Food banks are successful because they are rooted in, responsive to, and respectful of local contexts. With local leaders in the driver’s seat, this efficient model increases food access and fills gaps when social protections are lacking or absent.
Social protection consists of services, systems, or organizations—such as job training, affordable medical care, or senior centers—that help people prevent, manage, and overcome adverse situations or crises. Governments may provide these services in some countries, but they’re not always sufficient: Half of the world still lives without social protections, perpetuating the cycle of hunger and poverty.
This is where nongovernmental organizations, nonprofits, and social service agencies come in. They can help fill the gaps, providing assistance when government services are unavailable. As community-led organizations, food banks help make those organizations and agencies even stronger, while calling for strong social protection systems in the communities where they serve.
Food banks often work through partner organizations, such as schools, food pantries, community kitchens, or shelters. While these organizations are not always dedicated hunger relief organizations, they may provide much-needed food for their communities alongside specialized services such as housing, employment, or education.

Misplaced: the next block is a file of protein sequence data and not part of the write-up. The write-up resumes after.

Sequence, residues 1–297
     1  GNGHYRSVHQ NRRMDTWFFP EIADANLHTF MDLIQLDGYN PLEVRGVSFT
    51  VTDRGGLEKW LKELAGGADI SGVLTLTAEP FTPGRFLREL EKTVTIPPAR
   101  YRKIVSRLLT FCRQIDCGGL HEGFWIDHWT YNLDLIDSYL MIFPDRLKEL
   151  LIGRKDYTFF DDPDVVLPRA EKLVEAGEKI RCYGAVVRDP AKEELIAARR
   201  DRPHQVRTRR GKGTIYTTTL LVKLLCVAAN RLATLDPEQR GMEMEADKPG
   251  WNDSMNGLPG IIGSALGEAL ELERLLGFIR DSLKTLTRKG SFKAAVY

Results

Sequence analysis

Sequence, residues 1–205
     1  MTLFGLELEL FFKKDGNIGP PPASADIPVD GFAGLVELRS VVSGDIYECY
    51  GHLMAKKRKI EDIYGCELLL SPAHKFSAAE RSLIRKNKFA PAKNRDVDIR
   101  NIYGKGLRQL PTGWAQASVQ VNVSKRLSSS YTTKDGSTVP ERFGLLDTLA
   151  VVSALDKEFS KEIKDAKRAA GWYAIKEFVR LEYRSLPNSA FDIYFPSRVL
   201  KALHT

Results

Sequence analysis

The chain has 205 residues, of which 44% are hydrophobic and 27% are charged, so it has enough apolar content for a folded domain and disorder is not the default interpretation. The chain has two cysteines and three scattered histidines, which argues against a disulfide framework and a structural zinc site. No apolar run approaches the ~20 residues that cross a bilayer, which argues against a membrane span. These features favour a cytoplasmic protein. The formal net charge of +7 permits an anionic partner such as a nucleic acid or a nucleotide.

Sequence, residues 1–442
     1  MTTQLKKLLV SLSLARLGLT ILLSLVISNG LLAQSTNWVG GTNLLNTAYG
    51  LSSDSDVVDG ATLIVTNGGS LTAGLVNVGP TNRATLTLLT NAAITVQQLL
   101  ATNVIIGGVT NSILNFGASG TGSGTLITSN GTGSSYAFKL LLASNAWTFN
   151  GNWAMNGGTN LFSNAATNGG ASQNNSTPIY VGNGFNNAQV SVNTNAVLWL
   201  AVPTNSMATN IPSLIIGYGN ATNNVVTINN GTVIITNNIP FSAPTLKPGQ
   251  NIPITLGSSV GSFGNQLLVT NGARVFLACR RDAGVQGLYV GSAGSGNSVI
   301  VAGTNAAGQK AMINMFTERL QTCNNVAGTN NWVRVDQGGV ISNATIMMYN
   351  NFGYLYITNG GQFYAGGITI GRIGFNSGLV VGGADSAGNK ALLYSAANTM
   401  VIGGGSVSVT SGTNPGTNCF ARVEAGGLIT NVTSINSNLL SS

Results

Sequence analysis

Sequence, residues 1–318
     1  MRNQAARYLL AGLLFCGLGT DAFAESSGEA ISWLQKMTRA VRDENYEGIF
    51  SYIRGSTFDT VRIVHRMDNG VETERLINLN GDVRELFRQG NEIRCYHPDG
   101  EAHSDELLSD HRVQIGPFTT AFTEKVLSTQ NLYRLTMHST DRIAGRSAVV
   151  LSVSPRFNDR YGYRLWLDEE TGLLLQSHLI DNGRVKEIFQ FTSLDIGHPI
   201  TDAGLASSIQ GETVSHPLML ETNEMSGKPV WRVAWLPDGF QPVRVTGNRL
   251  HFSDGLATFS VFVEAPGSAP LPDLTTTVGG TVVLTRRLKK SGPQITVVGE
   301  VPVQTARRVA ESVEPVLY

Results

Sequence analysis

The food services provided by these local organizations and agencies are often enormously helpful; however, they can account for up to 30 percent of an agency’s budget, diverting already slim financial and staff resources from the services the organization is primarily designed to provide.
Enter: food banks. With expertise in food sourcing and distribution, food banks can:
In South Africa’s Eastern Cape province, GFN member FoodForward SA partners with the Ray Mhlaba Skills Centre, which provides vulnerable youth with the skills and knowledge they need to obtain jobs or start businesses. Many people initially come to the Ray Mhlaba Skills Centre because of the hot meals the center regularly provides . The partnership with FoodForward SA significantly reduces the time and money the Ray Mhlaba Skills Centre spends on food, enabling more resources to be spent on delivering vocational programs in hospitality, woodwork, home-based caregiving, and early childhood development. According to Centre staff, working with FoodForward has also improved the quality and variety of food they are able to provide.
FoodForward SA supports 1,500 community agencies like Ray Mhlaba Skills Centre across the country, in many cases allowing civil society organizations to reach as many as 20 percent more people through their social services. In a recent study, 88 percent of those agencies reported that they would have to adjust or stop their food programs if they didn’t receive support from FoodForward SA. By partnering with agencies in this way, a food bank’s impact multiplies, efficiently spreading throughout the community.